Whether you’re running a small business or an established enterprise, you should know the value of a strong brand. This goes beyond your brand name and logo, of course. Your brand image is like a collection of all the thoughts customers have about your business, and it’s affected by all of your company’s actions—not just the way you advertise. Also called brand equity, this is the value that people associate with your brand itself and not your individual products or services, and it’s best to think about this before something goes wrong.
Rebranding is a marketing strategy that creates a new brand identity, often in an attempt to better connect with their target audience and build better brand equity. Brand identity includes every aspect of your visual identity, and rebranding can mean a new logo, new name, new tag line, or even a new target market. Good reasons to rebrand include modernizing your company, further differentiating from the competition, or even moving away from a bad reputation. Just make sure to plan your strategy carefully to avoid the top rebranding mistakes.
Re-evaluate Your Company Mission
Before you start a partial or total rebrand, you need to be certain that your new ideas align with your goals for your business. This will help you determine exactly what needs to change and how you can better tap into your market. What does your business do, how do you do it, and why are you doing it? Your answers to these questions can change as your company evolves, and it’s important that everything your business does keeps in line with your answers.
Incorporate people from all departments of your business when you’re discussing your new mission to ensure the efforts of all team members are contributing to building your new brand. Having a clear picture of why and how your brand is changing will make it easier to communicate the changes to your audience.
Study Your Competitors
Regularly performing a competitive analysis is a good idea for any business to see how they’re stacking up in the market, but it’s especially crucial when rebranding. As your business goals change, you may find that you’re becoming interested in target demographics you hadn’t considered before. This means you’ll have more competitors, and you’ll need to see how you can differentiate from them in addition to your usual competitors.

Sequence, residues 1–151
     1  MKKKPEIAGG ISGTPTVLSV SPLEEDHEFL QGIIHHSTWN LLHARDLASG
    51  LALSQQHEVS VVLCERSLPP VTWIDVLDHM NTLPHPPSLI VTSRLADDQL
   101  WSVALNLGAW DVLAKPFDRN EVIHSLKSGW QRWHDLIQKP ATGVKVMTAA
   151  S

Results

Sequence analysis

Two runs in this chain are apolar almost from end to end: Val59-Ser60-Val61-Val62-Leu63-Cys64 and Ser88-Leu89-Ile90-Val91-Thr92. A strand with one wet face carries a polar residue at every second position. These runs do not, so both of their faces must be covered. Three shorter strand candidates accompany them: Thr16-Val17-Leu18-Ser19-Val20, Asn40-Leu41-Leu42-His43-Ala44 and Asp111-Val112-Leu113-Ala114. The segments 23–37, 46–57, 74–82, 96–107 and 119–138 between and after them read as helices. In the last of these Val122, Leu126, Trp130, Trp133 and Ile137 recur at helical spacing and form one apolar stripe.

You can use search engines and trade publications to find out things like how many products your competitors sell, who their main customers are, how they advertise, how they use influencers on social media, and much more. This is a perfect opportunity to see how your business can reach any gaps in the market your competitors may have left as well as improve on their strategies that are working well.
Find a Balance Between the Old and New
Rebranding is naturally a stressful time for you and your employees, but it can also be confusing for your customers. If you’re doing a major change with a new logo, tag line, or especially a new name, it’s still good to keep some elements similar to your previous brand. If your products had unique packaging, or if your advertisements used a recognizable style of language, for example, you might maintain these elements to avoid alienating existing customers. You probably aren’t looking to start completely from scratch, after all. If you need help with branding ideas, you might want to speak with the Jason Wong agency.
Marketing experts can also help you with choosing new fonts, color schemes, and updated logos to best communicate your new brand. If you haven’t had a big online presence beforehand, your rebranding mission is the perfect time to update your web design and become more active as well. Running an e-commerce store in addition to your physical storefronts can open your business to a whole world of new potential customers.